Papa handed me my apron. His dark eyes danced. This family baking day was the start of Christmas – the beginning of the season – even more important than decorating the tree or wrapping gifts.
Nonna and Mom got out the ingredients for the pita piata – our special Italian pastry filled with flour, cinnamon, sugar, salt, oil, and more. Daddy wiped off the table so we would have a clean surface to roll out the blobs of dough. My little brother, Paul, ran around the room acting like a crazy man. He knew something big was going on.
“Come here, you little monkey,” Papa called, trying to catch Paul as he ran through the dining room. “I’m going to get you.” Paul squealed with glee, escaping Papa’s big arms.
While they goofed around, I brought the bowls of chopped walnuts and raisins to the table. I sneaked a golden raisin. I looked over at Papa who pretended not to see me.
Nonna and Mom began to measure the ingredients into our giant bowl. Daddy and Papa took turns mixing the dough. They really had to get their muscles in there to mix it. I peered over the edge, watching the flour and sugar as it became wet and sticky from mixing it with water and a bit of wine.
When it was Papa’s turn to mix, he took the sticky mound and began to make it hop and kick on the table. I imagined it dancing the tarantella. Hop, kick. The accordion music played faster in my head. Whirl your partner. Hop, kick. Papa had the tarantella rhythm down. I could see him dancing in my mind with his hands on his hips. I swished my skirt this way and that, dancing with him. Finally, he took the mound of dough and made it into a fat, long roll so we could cut it into portions.
Daddy got out the big knife with the sharp teeth. Mom did the cutting making sure the portions were even. In the end, we had fourteen perfect disks of dough. Mom removed two so we could begin the rolling.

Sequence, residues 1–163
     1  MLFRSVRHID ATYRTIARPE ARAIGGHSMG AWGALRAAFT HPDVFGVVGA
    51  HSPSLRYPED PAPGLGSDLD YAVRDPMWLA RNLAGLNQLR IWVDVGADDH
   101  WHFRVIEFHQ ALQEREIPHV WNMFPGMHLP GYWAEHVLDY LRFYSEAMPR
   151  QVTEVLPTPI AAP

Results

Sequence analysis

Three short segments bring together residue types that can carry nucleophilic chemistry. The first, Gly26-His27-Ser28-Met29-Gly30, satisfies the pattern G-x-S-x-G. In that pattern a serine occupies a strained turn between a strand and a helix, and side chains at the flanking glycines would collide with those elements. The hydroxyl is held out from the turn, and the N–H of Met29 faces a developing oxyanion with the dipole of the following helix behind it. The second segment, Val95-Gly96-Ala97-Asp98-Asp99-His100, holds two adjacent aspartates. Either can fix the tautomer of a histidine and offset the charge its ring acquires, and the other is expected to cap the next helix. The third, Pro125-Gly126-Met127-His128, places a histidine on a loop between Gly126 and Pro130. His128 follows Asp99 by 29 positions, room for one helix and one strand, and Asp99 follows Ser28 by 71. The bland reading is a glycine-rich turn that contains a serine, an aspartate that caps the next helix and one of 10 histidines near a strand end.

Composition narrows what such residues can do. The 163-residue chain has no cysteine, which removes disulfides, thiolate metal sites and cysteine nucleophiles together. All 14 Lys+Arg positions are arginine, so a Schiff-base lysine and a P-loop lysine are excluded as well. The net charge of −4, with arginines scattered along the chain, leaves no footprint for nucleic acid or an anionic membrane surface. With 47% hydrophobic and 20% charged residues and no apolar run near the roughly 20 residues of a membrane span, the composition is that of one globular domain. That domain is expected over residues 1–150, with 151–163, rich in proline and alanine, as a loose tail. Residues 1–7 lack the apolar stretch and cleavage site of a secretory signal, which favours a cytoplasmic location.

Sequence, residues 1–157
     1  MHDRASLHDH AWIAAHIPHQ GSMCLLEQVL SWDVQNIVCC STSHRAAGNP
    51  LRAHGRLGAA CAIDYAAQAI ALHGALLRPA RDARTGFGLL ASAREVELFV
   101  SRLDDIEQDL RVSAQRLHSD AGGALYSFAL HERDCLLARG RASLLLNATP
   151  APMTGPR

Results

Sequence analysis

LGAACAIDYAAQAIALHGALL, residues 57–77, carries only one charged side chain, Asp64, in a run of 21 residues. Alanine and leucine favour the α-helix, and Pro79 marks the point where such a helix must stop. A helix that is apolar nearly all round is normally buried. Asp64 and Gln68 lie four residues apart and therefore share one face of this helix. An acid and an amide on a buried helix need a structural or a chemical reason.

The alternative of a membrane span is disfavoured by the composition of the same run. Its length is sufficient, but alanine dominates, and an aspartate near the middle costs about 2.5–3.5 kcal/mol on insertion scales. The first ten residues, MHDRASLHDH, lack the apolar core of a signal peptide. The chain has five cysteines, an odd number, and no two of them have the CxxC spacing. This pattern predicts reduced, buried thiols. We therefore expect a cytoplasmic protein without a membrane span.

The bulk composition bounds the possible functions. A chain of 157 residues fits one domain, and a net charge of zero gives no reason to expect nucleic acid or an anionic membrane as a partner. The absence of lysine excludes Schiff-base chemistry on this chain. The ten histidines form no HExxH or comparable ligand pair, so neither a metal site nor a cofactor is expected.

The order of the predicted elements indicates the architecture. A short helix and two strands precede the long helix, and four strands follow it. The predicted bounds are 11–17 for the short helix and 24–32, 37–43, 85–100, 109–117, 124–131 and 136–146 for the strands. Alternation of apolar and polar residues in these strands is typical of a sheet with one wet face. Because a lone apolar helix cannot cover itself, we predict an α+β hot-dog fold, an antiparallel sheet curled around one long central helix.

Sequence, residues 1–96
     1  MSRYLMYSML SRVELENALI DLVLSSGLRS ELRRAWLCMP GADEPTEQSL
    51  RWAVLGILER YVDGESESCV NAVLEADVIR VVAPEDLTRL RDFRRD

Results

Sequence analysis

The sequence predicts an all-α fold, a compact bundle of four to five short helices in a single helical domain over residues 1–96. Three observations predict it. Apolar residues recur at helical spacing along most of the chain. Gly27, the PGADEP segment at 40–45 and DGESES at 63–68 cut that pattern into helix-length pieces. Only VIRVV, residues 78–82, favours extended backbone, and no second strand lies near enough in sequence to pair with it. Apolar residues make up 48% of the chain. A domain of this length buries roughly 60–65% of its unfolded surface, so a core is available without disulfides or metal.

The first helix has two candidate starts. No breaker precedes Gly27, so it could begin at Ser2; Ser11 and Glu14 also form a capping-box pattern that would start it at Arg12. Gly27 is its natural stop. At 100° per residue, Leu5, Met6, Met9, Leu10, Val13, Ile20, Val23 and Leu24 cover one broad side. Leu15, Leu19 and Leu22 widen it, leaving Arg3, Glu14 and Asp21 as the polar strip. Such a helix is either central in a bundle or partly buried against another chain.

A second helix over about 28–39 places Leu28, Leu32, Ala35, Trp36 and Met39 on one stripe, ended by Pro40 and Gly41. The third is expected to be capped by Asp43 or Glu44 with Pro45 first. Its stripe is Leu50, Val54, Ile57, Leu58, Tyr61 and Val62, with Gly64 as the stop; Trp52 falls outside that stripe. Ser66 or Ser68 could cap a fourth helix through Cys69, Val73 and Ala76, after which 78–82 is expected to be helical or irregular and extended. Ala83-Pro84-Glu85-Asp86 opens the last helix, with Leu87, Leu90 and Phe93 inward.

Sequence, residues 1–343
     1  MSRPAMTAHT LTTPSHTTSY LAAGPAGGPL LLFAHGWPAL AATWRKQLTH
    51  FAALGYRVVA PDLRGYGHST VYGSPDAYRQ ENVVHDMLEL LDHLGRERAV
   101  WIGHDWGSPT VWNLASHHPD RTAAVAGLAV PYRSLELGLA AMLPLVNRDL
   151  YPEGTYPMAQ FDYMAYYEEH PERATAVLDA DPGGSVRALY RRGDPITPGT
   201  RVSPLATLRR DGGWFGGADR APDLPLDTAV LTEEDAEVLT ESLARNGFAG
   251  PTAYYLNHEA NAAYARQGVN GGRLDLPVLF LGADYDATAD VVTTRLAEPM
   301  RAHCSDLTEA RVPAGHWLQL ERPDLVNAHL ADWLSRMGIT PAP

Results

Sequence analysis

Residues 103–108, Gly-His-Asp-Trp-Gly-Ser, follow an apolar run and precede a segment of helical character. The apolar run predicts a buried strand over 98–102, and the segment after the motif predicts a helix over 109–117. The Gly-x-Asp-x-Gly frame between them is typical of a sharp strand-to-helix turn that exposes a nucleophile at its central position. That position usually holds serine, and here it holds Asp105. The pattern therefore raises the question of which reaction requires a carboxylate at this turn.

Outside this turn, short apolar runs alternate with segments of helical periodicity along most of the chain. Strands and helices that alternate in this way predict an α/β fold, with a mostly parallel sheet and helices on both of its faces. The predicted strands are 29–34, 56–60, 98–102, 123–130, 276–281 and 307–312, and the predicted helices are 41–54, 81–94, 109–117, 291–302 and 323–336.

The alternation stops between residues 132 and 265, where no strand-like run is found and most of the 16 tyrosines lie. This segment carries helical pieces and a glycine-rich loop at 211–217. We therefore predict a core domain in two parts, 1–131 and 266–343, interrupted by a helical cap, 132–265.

Daddy rolled out the dough. He loved the challenge of making it paper thin.“Your daddy is the best roller around,” Papa elbowed me, “even if he’s not Italian.” I smiled. I knew that was a big compliment. I shook cinnamon on top of the dough while Papa spread the sugar around. I imagined we were Christmas angels throwing stardust over the night sky on Christmas Eve. Papa’s eyes twinkled and he nodded. It was time for the oil and then my favorite part – the raisins and nuts. Nonna poured the oil on top and mixed it in. Papa got down on his knees and helped Paul mix the oil with the cinnamon-sugar on the dough. They made circles of oil with their fingertips. Paul giggled and licked his fingers. Mom gave him that look and sent him to the bathroom to wash his hands. I sprinkled the raisins and nuts. Finally, it was time to roll up the dough. “Papa, can you teach me?” I asked. “How old are you?” “You know I’m 7!” I answered. “I guess you’re old enough now,” he said. We started from opposite ends. Papa began to roll his end. I followed. We met in the middle, creating a double pastry roll. “And now we join the circle,” I said, knowingly. He put his big arms around mine and showed me how to join the ends of the dough in a wreath shape without any of the cinnamon-sugar-insides falling out. Nonna placed our pita piata on the baking sheet and secured it with toothpicks. Into the oven went! Before long the house filled with that mmm-I-can-taste-it smell of sugar, cinnamon and dough. Mom sliced into the first pita piata after it cooled. We all leaned in for our first bites. As the years fly by, I find myself in that same spot each year only now with my own three daughters, my husband and a host of cousins discovering their roles in the baking. This tradition marks our commitment to gathering, to eating, and to communing together. The circle continues.